You’re in an elevator with a very important company executive, and you’re about make a proposal on which the fate of your business rests. The official seems to be in a hurry and, to make matters worse, he’s getting off on the next floor. How would you explain your ideas in such a short period of time? If you think about it, this question is also quite valid if you’re sending emails to contacts you acquired from an executive list provider. It’s the same set of persons and the same pressure.
An effective ‘elevator pitch’ is a good approach in organizing and presenting your ideas and proposals to important an audience, like decision makers. But, quite apart from what the phrase implies, a good elevator pitch has a broader range of applicability including email marketing. The elevator pitch helps you deliver your message to recipients more effectively and efficiently. It works best with contacts who are not yet part of your official subscriber list. Here are a few guidelines on how you can apply this method.
1. Be very brief. Think about the time between floors when you’re in an elevator in terms of the few moments your readers spend skimming through your message. That’s only a few seconds. So, make sure to include only the important information in your message body. Use short sentences and avoid wordiness at all times. You should also improve the readability (use boldface, italics, bullets, etc.) so that your executive list contacts can easily locate information.
2. Capture their attention. You only have around 3 to 7 seconds to grab your readers’ attention and interest. With emails, your subject line plays the role of delivering the needed hook to keep your readers reading on. Your subject line should convey a powerful thought, a benefit statement, or written in question form. Beyond your subject line, your next chance to attract your executive list contacts is your opening line.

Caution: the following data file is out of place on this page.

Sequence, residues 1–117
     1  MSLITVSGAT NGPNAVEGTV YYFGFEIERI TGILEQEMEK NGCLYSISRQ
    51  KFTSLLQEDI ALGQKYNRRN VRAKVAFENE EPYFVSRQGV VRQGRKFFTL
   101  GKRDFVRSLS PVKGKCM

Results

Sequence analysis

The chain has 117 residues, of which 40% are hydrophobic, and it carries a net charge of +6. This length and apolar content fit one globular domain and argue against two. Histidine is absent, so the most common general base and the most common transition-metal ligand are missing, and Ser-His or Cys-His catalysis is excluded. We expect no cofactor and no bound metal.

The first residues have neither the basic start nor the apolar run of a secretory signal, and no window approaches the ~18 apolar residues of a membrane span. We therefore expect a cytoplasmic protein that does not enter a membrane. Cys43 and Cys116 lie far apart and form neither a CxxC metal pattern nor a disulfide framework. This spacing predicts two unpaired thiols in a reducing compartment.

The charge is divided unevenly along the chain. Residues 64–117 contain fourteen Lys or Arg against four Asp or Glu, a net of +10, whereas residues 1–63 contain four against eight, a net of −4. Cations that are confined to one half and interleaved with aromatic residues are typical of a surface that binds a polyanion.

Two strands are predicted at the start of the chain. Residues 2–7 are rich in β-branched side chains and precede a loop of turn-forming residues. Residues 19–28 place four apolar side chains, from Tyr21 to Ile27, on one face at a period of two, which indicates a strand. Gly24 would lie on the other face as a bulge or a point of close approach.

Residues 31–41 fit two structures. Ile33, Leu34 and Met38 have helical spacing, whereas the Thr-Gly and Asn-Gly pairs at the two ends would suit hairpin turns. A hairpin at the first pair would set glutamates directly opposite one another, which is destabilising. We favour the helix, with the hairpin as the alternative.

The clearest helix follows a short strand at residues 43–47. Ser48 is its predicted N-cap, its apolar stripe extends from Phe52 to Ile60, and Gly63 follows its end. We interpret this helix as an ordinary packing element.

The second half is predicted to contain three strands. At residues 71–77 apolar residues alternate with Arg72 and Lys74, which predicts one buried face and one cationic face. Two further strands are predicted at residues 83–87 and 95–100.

3. Brand your pitch and pitch your brand. Focus on highlighting your brand and your position instead of delving too much on the items or ideas you’re looking to promote. You’re practically just a stranger to contacts in your executive list and so, the most appropriate thing to do is to introduce yourself and your brand. Your readers should get a clear idea of what you represent as well as where you’ve been in terms of accomplishments. But, once again, it’s important to be very concise.
4. Don’t forget the call to action. It’s very easy to get preoccupied with pitching supporting details and information that we actually overlook the pitch itself. Whatever action you want your readers to take, it should be indicated clearly in your message. If you want your executive list contacts to visit your website or subscribe to your newsletters, this should be written down in no uncertain terms.
5. Test your pitch. After you come up with your elevator pitch, it’s a good idea to run a quick test to see if it’s really effective. To do this, you can send a prototype to a small sample from your Malaysia executive list, for example. Monitor your recipients’ response or feedback, if any. Check other metrics such as open and click-through rates then look at how many of them took your call to action. Modify your elevator pitch according to your results.